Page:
The shoulders are the most mobile joints in your body. Shoulder joints undergo wear and a tear over time and hence become unstable. Shoulder arthritis is one of the painful conditions affecting the shoulder joints. Arthritis not only takes a toll on the tendons and muscles, but also affects the ligaments and joints too. They usually cause symptoms such as joint pain, resulting in limited mobility.
Nonsurgical or Lifestyle treatments:
- Take rest or avoid the activities that provoke pain or change the way of your arm movements.
- Physical therapy boosts shoulder mobility.
- Non-steroidal anti-inflammatory drugs (NSAIDs) such as ibuprofen or aspirin alleviate pain and inflammation.
- Corticosteroid injections in the shoulders can also help to ease the pain and inflammation, although temporarily.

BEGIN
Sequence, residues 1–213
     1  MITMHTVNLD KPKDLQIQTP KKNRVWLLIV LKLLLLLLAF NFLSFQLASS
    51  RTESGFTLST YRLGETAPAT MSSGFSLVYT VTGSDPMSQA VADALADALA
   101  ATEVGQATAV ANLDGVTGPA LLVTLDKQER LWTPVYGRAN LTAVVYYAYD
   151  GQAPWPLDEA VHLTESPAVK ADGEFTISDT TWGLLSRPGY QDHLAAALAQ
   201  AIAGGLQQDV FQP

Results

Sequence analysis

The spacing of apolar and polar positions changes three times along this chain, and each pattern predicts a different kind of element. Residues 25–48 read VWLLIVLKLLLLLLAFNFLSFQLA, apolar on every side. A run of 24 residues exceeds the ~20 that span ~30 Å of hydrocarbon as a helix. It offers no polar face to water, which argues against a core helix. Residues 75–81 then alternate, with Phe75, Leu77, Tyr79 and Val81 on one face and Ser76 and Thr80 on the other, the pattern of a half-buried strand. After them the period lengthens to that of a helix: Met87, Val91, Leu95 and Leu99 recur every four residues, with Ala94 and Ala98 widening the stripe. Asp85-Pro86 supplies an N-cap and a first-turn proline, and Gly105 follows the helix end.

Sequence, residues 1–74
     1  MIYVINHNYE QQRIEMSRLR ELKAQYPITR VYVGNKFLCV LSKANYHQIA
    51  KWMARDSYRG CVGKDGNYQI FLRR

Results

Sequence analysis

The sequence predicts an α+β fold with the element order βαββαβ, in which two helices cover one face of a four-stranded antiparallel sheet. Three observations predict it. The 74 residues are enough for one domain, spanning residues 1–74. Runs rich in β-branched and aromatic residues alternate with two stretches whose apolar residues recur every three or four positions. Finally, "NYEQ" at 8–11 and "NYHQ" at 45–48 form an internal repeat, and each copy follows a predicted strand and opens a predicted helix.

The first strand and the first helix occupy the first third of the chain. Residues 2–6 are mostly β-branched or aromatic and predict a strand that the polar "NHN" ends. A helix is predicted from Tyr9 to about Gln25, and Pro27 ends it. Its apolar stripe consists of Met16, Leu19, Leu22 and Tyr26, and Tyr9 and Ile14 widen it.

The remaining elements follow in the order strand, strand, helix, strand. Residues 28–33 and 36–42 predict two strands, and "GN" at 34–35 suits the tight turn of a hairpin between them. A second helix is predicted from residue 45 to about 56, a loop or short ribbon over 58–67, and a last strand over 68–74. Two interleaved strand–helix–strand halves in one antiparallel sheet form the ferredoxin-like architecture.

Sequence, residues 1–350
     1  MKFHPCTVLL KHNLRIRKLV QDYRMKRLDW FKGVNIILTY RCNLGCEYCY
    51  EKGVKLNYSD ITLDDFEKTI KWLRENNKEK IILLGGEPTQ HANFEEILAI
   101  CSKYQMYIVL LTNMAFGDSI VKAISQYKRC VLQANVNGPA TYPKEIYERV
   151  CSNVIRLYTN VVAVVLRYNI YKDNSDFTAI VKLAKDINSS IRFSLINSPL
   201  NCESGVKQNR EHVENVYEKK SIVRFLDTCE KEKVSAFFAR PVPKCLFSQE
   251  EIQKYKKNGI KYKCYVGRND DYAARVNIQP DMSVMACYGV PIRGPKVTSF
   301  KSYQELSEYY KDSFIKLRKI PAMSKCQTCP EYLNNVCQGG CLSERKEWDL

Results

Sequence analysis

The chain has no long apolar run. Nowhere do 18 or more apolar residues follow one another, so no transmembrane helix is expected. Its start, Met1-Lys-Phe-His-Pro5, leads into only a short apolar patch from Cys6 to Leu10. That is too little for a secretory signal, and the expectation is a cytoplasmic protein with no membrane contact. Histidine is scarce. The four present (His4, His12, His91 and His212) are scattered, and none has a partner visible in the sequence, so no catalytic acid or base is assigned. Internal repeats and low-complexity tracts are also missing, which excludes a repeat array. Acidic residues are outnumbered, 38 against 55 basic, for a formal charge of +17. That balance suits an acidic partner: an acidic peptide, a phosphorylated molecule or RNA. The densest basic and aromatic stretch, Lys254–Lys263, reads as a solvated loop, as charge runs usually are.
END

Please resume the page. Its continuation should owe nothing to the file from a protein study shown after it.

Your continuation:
- Applying moist heat or ice packs over the shoulders for about half an hour at least thrice a day brings relief.
- Drugs such as methotrexate can be administered in case one is suffering from rheumatoid arthritis (a chronic disease attacking multiple joints of the body).
- Dietary supplements such as chondroitin and glucosamine may help reduce pain.
Surgical treatments (if your pain results in disability and does not lessen with nonsurgical options)
- Join replacement surgery or arthroplasty involves replacing the damaged parts of the shoulder with a prosthetic (artificial) joint.
- Few mild forms of arthritis may be treated using the Arthroscopic procedure (minimally invasive surgery). It requires a surgeon to ease the joint pain by making small incisions to “clean out” the joint. A tiny camera fitted into the joint guides the surgeon through the surgery.
- Resection arthroplasty is a method that involves the surgical removal of the bone from the collar bone and substituting it with a scar tissue to treat arthritis of particular joints.